In the days before the piano was invented, harpsichordists did not have any sort of sustaining device and so created resonance using the technique of overholding (or finger pedalling). On a harpsichord (just like on a piano) holding onto a key with a finger ensures the damper associated with that key remains in the up position, allowing the string to resonate. Sometimes composers wrote finger pedalling out, other times they assumed the player would just do it anyway. Here is an example of the former, scrupulously notated by François Couperin in his Les Barricades Mystérieuses.

A universal tendency I have noticed among piano students is the missed opportunity for resonance in a piece that requires pedal from the start. What is the point of putting the pedal down only after you have played the first chord, when putting it down beforehand opens up the instrument for maximum resonance immediately the hammers hit the strings?

Take the opening of the Grieg Concerto. If the pedal is down before you play the opening chord, then the whole instrument resonates at the start of the sound. Try it for yourself – play the chord without the pedal and you will get a very dry result, since only four dampers will be raised (the RH notes in that particular chord are too high even to need dampers). If you pedal just after the chord, you will miss the full resonance. Instead of an explosive accent, you get a sort of hairpin crescendo. With the pedal down before, all the dampers are raised and the whole instrument can resonate.

I have recently published a video walkthrough on the Rachmaninov Prelude in C# minor on the Online Academy, here is a short clip from it where I illustrate the beneficial effects of the pedal-down-before-you-play approach.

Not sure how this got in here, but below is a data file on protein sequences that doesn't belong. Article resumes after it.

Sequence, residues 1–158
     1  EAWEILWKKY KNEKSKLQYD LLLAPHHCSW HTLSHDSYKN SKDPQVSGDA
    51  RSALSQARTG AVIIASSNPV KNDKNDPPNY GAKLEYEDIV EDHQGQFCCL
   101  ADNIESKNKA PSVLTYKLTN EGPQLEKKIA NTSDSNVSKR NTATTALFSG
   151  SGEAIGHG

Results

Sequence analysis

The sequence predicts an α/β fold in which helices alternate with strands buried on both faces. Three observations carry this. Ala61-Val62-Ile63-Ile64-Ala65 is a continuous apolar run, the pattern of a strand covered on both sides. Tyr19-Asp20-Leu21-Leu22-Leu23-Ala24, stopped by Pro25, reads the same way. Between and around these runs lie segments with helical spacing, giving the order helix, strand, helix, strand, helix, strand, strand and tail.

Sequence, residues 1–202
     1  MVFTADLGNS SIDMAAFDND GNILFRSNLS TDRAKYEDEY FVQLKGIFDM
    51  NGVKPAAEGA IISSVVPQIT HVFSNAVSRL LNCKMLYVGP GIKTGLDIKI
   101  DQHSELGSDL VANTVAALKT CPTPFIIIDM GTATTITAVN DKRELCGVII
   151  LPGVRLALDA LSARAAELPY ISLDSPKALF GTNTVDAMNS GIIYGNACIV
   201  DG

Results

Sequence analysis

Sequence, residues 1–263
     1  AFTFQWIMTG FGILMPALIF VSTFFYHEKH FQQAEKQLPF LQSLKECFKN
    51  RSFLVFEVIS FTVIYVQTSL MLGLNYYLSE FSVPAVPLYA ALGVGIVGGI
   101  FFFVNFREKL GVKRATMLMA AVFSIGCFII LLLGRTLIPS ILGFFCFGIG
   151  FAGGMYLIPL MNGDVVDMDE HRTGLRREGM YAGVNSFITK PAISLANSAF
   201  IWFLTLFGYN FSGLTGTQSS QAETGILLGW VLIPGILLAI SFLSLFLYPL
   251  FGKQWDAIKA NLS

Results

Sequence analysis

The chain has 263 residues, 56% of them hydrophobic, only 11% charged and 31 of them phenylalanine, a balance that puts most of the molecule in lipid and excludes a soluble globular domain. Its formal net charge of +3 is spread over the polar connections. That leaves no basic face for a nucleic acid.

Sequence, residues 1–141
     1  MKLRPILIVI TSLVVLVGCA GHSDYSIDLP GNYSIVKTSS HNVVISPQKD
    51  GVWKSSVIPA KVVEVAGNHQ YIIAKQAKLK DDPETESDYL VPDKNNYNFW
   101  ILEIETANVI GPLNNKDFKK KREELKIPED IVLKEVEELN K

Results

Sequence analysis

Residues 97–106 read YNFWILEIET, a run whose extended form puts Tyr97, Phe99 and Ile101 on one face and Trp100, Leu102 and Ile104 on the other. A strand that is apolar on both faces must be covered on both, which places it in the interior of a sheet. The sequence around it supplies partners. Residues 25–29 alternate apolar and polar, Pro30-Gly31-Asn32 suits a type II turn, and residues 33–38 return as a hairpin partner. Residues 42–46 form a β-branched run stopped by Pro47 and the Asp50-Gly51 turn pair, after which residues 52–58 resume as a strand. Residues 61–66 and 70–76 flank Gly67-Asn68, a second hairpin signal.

It’s something of a paradox that the best pedalling happens when the ear and the right foot are in perfect accord with each other, the foot responding to the ear’s beck and call without any thought whatever. However, it is all too easy to get used to the sound-enhancing luxury the pedal offers us and soon, as I have written about before, we find we are covering over all sorts of little errors in a glorious haze of resonance. In order to get to the point where we can become unconscious about pedalling, it is a good idea to think about what we are doing with our right foot in our practice, and deliberately practise from time to time without any (or with only those pedals necessary for connections).

The person sitting at the piano in this next clip is not really the performer, but the whole performance would be ruined if they did not do their job properly. You can bet this “pianist” has his whole attention on making absolutely sure his right foot stays fully down in the pedal for the entire duration of this piece, Henry Cowell‘s The Banshee – or the performance would immediately be ruined!

If you enjoyed this blog post then you might also be interested in my Online Academy series The Art of Pedalling which provides a comprehensive treatise on the subject of pedalling.

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